Global Economy

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A Global Economy is an economy for the world.



References

2013

  • http://en.wikipedia.org/wiki/Global_economy
    • The world economy, or global economy, generally refers to the economy, which is based on economies of all of the world's countries' national economies. Also global economy can be seen as the economy of global society and national economies – as economies of local societies, making the global one. It can be evaluated in various kind of ways. For instance, depending on the model used, the valuation that is arrived at can be represented in a certain currency, such as 2006 US dollars.

      It is inseparable from the geography and ecology of Earth, and is therefore somewhat of a misnomer, since, while definitions and representations of the "world economy" vary widely, they must at a minimum exclude any consideration of resources or value based outside of the Earth. For example, while attempts could be made to calculate the value of currently unexploited mining opportunities in unclaimed territory in Antarctica, the same opportunities on Mars would not be considered a part of the world economy — even if currently exploited in some way — and could be considered of latent value only in the same way as uncreated intellectual property, such as a previously unconceived invention. Beyond the minimum standard of concerning value in production, use, and exchange on the planet Earth, definitions, representations, models, and valuations of the world economy vary widely.

      It is common to limit questions of the world economy exclusively to human economic activity, and the world economy is typically judged in monetary terms, even in cases in which there is no efficient market to help valuate certain goods or services, or in cases in which a lack of independent research or government cooperation makes establishing figures difficult. Typical examples are illegal drugs and other black market goods, which by any standard are a part of the world economy, but for which there is by definition no legal market of any kind.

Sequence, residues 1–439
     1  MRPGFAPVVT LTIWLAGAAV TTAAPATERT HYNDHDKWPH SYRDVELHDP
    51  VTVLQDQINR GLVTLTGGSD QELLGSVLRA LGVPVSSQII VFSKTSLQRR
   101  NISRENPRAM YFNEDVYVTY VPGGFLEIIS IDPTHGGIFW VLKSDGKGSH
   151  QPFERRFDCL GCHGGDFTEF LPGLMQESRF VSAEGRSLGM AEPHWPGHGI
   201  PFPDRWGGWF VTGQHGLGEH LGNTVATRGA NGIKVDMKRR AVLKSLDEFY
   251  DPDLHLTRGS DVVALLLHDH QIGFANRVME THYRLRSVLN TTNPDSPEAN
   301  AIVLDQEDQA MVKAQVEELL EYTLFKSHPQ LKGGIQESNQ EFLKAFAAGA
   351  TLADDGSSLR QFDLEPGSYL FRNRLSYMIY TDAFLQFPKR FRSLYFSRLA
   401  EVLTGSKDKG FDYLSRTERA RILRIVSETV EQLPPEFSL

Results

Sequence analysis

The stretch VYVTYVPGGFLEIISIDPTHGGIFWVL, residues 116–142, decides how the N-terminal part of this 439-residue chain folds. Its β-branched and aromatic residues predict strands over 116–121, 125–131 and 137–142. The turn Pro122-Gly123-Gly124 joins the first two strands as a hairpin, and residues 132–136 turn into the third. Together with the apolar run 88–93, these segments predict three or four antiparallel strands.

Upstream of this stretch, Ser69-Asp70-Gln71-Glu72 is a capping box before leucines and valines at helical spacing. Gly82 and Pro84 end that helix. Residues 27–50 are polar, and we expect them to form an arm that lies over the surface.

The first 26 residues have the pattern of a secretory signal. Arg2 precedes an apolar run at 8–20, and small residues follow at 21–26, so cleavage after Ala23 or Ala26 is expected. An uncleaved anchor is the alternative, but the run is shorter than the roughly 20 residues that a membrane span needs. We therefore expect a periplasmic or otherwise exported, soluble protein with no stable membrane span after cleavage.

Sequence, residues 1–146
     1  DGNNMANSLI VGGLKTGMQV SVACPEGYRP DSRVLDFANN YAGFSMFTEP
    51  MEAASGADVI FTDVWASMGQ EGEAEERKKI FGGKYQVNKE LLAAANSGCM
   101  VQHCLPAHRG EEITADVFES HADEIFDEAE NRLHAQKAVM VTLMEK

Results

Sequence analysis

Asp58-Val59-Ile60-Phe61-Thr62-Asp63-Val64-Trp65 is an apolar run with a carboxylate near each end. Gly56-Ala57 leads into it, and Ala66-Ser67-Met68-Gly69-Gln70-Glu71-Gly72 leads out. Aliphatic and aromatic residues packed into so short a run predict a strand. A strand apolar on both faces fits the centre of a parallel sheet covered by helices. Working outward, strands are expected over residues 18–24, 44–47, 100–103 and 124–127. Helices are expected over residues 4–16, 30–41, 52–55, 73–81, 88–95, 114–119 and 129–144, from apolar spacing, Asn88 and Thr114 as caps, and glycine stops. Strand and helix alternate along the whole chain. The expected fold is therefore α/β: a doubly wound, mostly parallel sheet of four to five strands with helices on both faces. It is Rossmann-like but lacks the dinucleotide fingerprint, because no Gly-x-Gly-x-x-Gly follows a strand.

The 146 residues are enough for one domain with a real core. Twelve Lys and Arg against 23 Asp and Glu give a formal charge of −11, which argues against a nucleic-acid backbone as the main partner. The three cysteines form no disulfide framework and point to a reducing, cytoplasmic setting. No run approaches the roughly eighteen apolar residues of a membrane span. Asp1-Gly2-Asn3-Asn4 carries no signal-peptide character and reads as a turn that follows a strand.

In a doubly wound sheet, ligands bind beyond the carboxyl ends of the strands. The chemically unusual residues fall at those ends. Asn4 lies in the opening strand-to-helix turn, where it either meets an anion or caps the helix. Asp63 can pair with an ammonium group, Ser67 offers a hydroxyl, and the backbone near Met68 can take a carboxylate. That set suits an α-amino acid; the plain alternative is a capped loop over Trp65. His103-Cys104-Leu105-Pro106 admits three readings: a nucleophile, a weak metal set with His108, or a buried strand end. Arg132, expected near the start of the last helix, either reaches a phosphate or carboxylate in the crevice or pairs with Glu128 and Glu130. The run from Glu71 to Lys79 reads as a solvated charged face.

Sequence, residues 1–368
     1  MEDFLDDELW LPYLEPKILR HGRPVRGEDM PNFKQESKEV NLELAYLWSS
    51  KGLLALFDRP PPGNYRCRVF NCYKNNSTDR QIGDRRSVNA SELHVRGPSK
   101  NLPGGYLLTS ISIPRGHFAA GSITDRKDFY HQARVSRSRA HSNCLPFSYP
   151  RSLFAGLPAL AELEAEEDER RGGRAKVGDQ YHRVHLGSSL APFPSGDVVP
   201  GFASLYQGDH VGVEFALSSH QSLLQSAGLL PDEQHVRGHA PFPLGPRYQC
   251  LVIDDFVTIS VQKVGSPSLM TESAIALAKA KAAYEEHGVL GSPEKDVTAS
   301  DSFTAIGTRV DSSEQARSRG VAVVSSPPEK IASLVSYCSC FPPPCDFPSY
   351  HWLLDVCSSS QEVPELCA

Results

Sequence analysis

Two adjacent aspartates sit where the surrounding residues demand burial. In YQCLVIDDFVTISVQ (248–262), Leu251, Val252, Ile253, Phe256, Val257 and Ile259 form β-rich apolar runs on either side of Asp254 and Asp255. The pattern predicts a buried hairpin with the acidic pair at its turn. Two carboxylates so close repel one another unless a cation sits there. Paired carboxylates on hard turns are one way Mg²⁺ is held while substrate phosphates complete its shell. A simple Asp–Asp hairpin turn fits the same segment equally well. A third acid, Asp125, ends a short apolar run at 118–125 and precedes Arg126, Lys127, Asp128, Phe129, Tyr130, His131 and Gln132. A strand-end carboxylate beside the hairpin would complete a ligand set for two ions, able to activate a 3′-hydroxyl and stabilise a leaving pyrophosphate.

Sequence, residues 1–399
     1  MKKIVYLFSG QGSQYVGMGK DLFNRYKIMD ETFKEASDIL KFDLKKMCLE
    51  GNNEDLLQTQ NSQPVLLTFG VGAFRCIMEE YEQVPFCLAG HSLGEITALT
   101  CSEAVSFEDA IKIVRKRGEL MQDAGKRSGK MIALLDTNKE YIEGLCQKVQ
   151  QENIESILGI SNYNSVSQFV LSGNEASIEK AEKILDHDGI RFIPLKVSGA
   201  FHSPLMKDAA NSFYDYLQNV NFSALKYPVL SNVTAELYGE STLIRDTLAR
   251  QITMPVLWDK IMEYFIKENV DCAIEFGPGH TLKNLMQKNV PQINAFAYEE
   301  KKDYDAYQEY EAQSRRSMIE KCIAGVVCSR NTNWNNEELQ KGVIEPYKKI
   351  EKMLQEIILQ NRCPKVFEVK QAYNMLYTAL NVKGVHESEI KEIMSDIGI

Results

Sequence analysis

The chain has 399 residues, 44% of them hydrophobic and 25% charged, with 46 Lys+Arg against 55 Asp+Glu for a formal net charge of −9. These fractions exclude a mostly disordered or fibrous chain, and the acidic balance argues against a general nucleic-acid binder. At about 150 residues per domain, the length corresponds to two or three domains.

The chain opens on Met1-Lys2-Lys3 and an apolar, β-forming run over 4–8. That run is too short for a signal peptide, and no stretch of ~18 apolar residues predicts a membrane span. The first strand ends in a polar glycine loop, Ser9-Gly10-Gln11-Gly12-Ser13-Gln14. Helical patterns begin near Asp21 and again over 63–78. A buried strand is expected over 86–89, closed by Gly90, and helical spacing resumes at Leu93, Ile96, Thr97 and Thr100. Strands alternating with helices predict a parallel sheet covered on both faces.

However, even in cases in which there is a clear and efficient market to establish a monetary value, economists do not typically use the current or official exchange rate to translate the monetary units of this market into a single unit for the world economy, since exchange rates typically do not closely reflect worldwide value, for example in cases where the volume or price of transactions is closely regulated by the government.

      Rather, market valuations in a local currency are typically translated to a single monetary unit using the idea of purchasing power. This is the method used below, which is used for estimating worldwide economic activity in terms of real US dollars or euros. However, the world economy can be evaluated and expressed in many more ways. It is unclear, for example, how many of the world's 7.01 billion people have most of their economic activity reflected in these valuations.

      In 2011, the largest economies in the world with more than $2 trillion, €1.25 trillion by nominal GDP were the United States, China, Japan, Germany, France, the United Kingdom, Brazil, Russia, and Italy. The largest economies in the world with more than $2 trillion, €1.25 trillion by GDP (PPP) are the United States, China, India, Japan, Germany, Russia, the United Kingdom, Brazil, and France.